Published online Aug 7, 2013. doi: 10.3748/wjg.v19.i29.4758
Revised: May 16, 2013
Accepted: June 1, 2013
Published online: August 7, 2013
AIM: To describe a successful endoscopic ultrasound (EUS)-guided biliary drainage technique with high success and low complication rates.
METHODS: The recorded data of consecutive patients who presented to Siriraj Gastrointestinal Endoscopy Center, Siriraj Hospital in Bangkok, Thailand for treatment of malignant obstructive jaundice but failed endoscopic retrograde cholangiopancreatography and underwent subsequent EUS-guided biliary drainage were retrospectively reviewed. The patients’ baseline characteristics, clinical manifestations, procedure details, and post-procedure follow-up data were recorded and analyzed. Clinical outcomes were assessed by physical exam and standard laboratory tests. Technical success of the procedure was defined as completion of the stent insertion. Clinical success was defined as improvement of the patient’s overall clinical manifestations, in terms of general well-being evidenced by physical examination, restoration of normal appetite, and adequate biliary drainage. Overall median survival time was calculated as the time from the procedure until the time of death, and survival analysis was performed by the Kaplan-Meier method. The Student’s t-test and the χ2 test were used to assess the significance of inter-group differences.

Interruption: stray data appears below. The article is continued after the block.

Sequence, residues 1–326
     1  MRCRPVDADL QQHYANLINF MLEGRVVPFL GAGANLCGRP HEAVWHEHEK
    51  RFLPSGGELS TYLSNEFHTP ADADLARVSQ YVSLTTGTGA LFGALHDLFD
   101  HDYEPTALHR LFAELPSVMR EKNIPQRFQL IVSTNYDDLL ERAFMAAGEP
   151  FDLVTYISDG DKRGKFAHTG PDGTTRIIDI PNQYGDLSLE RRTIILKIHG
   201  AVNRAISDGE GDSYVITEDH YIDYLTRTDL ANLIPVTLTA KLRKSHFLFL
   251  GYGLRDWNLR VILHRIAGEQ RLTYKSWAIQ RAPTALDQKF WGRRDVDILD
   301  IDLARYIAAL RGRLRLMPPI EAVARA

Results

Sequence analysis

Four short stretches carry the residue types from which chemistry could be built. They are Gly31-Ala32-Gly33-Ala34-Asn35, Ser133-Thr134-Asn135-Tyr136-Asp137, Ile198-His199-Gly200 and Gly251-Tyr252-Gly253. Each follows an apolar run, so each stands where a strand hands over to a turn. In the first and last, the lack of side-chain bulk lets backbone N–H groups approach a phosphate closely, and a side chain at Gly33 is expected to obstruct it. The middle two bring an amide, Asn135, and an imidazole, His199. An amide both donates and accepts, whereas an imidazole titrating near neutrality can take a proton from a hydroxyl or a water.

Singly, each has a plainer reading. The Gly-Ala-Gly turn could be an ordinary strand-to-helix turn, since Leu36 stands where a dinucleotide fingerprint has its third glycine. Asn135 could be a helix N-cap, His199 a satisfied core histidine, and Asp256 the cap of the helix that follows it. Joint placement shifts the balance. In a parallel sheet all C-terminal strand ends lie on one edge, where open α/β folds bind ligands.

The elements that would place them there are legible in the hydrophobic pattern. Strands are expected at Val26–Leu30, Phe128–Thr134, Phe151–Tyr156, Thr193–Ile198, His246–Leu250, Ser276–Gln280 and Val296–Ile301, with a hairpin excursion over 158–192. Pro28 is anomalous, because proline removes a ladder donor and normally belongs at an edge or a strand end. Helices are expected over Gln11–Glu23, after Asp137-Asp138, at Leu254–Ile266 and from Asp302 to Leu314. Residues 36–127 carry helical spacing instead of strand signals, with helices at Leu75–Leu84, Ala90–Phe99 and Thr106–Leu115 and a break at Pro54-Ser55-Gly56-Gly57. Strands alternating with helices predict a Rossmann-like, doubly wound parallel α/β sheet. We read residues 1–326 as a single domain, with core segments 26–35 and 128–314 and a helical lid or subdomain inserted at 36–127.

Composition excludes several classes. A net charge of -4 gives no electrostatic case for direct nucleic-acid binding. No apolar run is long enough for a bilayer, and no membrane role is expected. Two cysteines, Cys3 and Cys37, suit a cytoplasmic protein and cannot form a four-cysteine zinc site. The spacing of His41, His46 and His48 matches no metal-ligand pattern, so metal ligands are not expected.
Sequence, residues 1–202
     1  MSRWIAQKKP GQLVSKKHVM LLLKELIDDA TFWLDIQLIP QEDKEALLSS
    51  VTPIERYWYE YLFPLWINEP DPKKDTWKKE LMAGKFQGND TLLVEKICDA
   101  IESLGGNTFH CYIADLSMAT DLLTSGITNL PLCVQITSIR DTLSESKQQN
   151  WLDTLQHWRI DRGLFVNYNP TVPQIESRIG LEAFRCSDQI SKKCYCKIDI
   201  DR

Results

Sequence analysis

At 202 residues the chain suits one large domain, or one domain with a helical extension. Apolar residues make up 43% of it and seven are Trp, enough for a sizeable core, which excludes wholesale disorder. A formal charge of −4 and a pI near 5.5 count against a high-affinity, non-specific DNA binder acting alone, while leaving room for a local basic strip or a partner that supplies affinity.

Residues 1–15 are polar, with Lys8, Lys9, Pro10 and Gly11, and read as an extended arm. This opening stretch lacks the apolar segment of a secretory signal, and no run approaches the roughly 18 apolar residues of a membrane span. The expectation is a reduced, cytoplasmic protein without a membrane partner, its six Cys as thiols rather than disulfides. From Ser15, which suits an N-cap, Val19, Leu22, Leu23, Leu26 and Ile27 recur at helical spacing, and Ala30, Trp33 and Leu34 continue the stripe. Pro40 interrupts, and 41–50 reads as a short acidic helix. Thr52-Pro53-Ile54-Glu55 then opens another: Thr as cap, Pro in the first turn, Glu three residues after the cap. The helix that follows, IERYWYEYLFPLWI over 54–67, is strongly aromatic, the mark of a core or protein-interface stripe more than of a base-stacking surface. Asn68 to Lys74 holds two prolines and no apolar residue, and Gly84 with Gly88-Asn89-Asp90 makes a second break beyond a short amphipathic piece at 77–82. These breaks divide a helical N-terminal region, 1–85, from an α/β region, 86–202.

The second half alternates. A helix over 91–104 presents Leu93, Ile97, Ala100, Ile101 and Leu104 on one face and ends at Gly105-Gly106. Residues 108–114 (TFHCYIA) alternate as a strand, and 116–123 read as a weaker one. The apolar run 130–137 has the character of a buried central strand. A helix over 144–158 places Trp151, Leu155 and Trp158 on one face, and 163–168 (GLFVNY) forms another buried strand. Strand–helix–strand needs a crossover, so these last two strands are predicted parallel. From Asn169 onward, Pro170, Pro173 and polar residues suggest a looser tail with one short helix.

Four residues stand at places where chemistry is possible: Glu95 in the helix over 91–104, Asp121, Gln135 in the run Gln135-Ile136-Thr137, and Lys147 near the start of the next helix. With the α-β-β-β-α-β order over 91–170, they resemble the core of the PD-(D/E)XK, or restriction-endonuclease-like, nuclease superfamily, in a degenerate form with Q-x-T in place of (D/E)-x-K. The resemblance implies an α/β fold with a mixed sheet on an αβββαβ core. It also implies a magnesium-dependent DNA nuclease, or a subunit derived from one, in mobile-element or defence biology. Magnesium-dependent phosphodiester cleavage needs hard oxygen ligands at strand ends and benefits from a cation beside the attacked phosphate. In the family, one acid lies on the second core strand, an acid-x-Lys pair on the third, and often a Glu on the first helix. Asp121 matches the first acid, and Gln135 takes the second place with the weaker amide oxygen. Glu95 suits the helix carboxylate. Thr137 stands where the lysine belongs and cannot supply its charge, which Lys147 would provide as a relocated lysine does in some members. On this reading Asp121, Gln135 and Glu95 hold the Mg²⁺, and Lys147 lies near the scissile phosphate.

RESULTS: A total of 21 cases were enrolled, a single endoscopist performed all the procedures. The mean age was 62.8 years (range: 46-84 years). The sex distribution was almost equal, including 11 women and 10 men. Patients with failed papillary cannulation (33.3%), duodenal obstruction (42.9%), failed selective cannulation (19.0%), and surgical altered anatomy (4.8%) were considered candidates for EUS-guided biliary drainage. Six patients underwent EUS-guided choledochoduodenostomy and 15 underwent EUS-guided hepaticogastrostomy. The technique using non-cauterization and no balloon dilation was performed for all cases, employing the in-house manufactured tapered tip Teflon catheter to achieve the dilation. The technical success and clinical success rates of this technique were 95.2% and 90.5%, respectively. Complications included bile leakage and pneumoperitoneum, occurred at a rate of 9.5%. None of the patients died from the procedure. One patient presented with a biloma, a major complication that was successfully treated by another endoscopic procedure.
CONCLUSION: We present a highly effective EUS-guided biliary drainage technique that does not require cauterization or balloon dilation.
Core tip: A total of 21 patients who underwent endoscopic ultrasound (EUS)-guided biliary drainage following failure of endoscopic retrograde cholangiopancreatography were analyzed. The EUS-guided biliary drainage technique, which does not require cauterization or balloon dilation, was found to be effective and safe. The rates of technical and clinical success were 95.2% and 90.5%, respectively. Complications occurred at a relatively low rate (9.5%) and included bile leakage and pneumoperitoneum. No procedure related deaths occurred during the procedure, hospital recovery, or follow-up period. However, one patient developed the major complication of iatrogenic biloma due to stent mal-position, which was successfully resolved by another endoscopic procedure.